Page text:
I’ll issue the same challenge to you that I have issued to others who have made similar statements:

          Point to a single paper with valid experimental data indicating measured health effects of doses of less than 100 mSv.

          Even the “consensus” BEIR reports describes the uncertainty at low doses and says that just about any assumption will fit the sparse data in the region less than 100 mSv.

          With regard to the multiple scientists and the international nature of the conventional wisdom, there is a fascinating tale to be told.

          PS: Bas (aka Sanne) – I just realized that I have probably issued this challenge to you already when you were using a different identity. Please depart the pattern again; your continued assertions of untruths are not welcome here.

      8. @Sanne

        With LNT it doesn’t matter if it’s one pregnant woman receiving 6.3 µSv/h for a whole year (a 55 mSv dose) or 1,752 pregnant woman receiving µSv/h for 5 hours. The results are the same.

        I recently estimates using LNT that commercial aviation results in 155 to 275 extra cases of cancer each year.

        I wonder how much that number would change if you took age into account. Especially considering that some people are likely conceived on airliners.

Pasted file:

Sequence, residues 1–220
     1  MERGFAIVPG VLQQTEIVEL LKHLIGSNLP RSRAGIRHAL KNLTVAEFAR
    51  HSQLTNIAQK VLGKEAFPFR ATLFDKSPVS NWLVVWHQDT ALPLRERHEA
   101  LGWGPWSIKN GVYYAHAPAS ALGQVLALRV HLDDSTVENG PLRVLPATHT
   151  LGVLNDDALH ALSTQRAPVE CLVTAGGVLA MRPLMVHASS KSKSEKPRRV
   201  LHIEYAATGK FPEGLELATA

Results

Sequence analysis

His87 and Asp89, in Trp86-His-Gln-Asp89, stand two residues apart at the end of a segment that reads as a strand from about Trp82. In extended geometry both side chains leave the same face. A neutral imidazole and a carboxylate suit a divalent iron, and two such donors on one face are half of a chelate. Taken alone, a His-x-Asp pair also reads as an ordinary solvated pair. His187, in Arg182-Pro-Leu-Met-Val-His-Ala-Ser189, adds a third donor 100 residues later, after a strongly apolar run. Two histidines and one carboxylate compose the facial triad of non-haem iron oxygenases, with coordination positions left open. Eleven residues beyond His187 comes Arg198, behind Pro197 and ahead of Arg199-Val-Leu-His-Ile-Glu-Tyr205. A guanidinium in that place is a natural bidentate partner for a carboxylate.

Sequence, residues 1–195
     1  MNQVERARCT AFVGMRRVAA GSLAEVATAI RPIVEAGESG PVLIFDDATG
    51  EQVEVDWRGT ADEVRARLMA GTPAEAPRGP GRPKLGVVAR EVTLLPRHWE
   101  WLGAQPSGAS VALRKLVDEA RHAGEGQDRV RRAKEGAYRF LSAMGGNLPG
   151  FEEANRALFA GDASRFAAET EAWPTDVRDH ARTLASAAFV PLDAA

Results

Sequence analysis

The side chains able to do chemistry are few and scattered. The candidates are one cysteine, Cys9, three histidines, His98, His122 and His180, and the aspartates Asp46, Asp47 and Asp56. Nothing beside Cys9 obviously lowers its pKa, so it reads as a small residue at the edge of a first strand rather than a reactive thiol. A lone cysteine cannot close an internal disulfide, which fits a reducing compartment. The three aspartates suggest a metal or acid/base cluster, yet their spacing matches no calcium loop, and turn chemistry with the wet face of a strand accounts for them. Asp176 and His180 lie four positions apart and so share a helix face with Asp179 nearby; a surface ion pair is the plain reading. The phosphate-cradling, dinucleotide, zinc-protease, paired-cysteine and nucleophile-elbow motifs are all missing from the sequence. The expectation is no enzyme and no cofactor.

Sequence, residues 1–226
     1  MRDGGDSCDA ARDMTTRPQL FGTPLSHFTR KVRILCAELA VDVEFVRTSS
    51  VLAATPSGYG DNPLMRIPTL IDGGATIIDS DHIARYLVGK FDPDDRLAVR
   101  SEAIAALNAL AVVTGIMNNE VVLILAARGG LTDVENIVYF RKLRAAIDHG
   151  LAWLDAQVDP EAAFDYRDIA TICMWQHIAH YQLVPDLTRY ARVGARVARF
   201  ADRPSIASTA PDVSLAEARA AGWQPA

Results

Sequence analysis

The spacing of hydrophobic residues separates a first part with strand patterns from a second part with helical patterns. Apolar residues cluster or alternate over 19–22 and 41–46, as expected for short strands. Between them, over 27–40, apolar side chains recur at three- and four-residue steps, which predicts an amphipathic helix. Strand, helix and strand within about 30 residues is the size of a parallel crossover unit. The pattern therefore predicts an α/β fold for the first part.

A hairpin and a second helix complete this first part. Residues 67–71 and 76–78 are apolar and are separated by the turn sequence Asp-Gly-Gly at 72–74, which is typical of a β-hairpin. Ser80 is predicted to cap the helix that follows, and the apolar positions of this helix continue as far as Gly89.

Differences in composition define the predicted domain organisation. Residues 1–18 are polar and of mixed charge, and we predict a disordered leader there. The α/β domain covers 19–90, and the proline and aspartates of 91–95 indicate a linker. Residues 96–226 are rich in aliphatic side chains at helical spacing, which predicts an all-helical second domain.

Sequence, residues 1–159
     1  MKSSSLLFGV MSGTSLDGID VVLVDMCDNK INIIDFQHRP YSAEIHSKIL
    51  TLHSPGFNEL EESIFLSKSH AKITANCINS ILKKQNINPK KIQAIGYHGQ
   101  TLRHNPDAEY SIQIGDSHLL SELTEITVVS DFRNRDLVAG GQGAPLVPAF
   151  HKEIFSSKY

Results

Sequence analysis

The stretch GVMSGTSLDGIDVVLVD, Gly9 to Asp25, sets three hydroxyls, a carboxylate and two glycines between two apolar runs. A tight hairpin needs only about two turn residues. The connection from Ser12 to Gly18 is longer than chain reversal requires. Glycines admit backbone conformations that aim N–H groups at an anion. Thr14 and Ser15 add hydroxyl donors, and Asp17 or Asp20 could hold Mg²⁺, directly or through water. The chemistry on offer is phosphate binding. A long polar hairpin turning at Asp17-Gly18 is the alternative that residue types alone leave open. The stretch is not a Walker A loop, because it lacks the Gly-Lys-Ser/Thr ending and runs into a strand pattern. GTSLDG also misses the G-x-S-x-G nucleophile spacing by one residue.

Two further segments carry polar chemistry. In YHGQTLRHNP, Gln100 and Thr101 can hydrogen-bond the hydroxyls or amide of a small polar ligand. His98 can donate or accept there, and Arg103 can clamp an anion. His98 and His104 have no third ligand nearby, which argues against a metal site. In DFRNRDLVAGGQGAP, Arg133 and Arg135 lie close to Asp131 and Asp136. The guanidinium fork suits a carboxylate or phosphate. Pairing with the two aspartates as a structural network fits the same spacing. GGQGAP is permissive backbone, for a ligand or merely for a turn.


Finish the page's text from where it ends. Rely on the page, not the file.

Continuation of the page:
2. full, lots of information but in the item “patient safety” measure risks according to the LNT model

  3. Of course, it measures risks according to the LNT model, that’s the scientific consensus!

    Here’s an interesting comparison, continuing from yesterday on comparing health physics, climatology and I’ll add physics (general relativity):


    1. A molecule causes a wee disturbance in space-time. We commonly call that gravity.
    2. The more molecules, the more gravity.

    Those are straightforward statements. You don’t find many books, blogs, or videos arguing it. Why? Because there is no industry that is regulated based on its emissions of gravity. If there were, there would be people trying to get you to doubt 2. They’d say things like, “gravity is natural” (true but irrelevant) or “I fell six feet yesterday and I was find” (might be true, but doesn’t everyone will have the same outcome).


    3. A single CO2 molecule traps a wee amount of infra-red radiation in its bonds. We commonly call that heat.